An unexpected trend in housing is that the North-West has overtaken Gauteng and the Western Cape as the province with the highest proportion of informal housing. As much as 23% of all households in the North-West live in informal dwellings compared to 21% in Gauteng and 15% in the Western Cape. The sharp increase in the North-West is largely due to the mining boom in the province over the last decade.

The good news about the provision of free basic services is that service delivery backlogs were tackled aggressively over the past decade. Only 56% of households in the Eastern Cape had access to piped/tap water supply in 2002. By 2012 this figure had risen to 79%. However, the province also has had the largest percentage of households who have consistently complained about the quality (colour, taste and smell) of the water provided.

This last indicator might be a good example of the pitfalls of the bureaucratic process and the actions that flow from that process. Reducing the service delivery backlog has been a goal in and of itself, and in some cases this has meant that the maintenance of new (and old) infrastructure has taken a back seat.

The last indicator is also an example of the limitations of the numbers to provide context. The Eastern Cape has had the worst delivery record for water and sanitation services, but this has been largely due a historical lack of service delivery. It’s had to catch up and correct for the underdevelopment of the past, particularly in the former independent homelands.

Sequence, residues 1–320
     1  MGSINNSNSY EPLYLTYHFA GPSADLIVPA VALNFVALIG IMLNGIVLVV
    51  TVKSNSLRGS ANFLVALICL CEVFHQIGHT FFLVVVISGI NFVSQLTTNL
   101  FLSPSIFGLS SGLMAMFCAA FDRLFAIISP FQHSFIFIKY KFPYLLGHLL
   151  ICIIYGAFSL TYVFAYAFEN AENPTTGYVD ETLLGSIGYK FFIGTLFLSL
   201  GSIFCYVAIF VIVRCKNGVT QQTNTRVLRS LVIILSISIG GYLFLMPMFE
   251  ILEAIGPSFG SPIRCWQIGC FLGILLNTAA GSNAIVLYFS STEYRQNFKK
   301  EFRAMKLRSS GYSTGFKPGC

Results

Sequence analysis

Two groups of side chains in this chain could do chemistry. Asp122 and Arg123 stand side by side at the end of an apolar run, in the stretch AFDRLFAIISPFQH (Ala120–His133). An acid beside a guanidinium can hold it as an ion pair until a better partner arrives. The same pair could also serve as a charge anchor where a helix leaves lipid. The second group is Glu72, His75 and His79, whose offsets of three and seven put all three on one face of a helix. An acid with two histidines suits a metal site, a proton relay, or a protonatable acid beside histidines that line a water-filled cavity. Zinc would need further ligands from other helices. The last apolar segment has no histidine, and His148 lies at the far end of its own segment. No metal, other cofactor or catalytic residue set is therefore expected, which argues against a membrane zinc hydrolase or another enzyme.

In contrast, 99% of Western Cape households received adequate water services in 2012. Then again, the same 99% received adequate services in 2002. Remember that the ANC ran the province until 2009 and the DA has run it since. The levels of service delivery in the Western Cape might have had more to do with the economic and historical structures in the province and less to do with the government of the day.

Of course, such a notion may be heresy to some. The latest reports on development have been completed by a government department that is tasked (among other tasks) to report on the progress made by other divisions of government. To suggest that the success or the solution lies outside of government is to defeat the whole point of the exercise.

On Friday morning the minister of the department of performance monitoring and evaluation (DPME), Mr Collins Chabane in partnership with The Mail and Guardian Critical Thinking Forum will hold a discussion forum. He’ll be discussing the development indicators that his department launched earlier this month, the ones that will be used to track the success (or otherwise) of government policies and interventions.

His department has invited debate from the broader public. Next year the DPME will consolidate its findings and have a full review of the last 20 years of South Africa’s development. Hopefully the story of this development will be told by a wider group of narrators. DM

Read more:

  • General Household Survey 2012, StatsSA
  • Selected development indicators 2012, 99, StatsSA

Photo: Lutho Makhalima (R) reads a book to Nobantu Mbhokodi, an elderly woman, in Qunu, eastern cape, July 18, 2012. REUTERS/Siphiwe Sibeko

  • Paul Berkowitz
    Paul Berkowitz

    Paul Berkowitz: studied economics, maths stats. Worked at Econometrix, FNB, Wits. Interested in South African politics, economics.

  • South Africa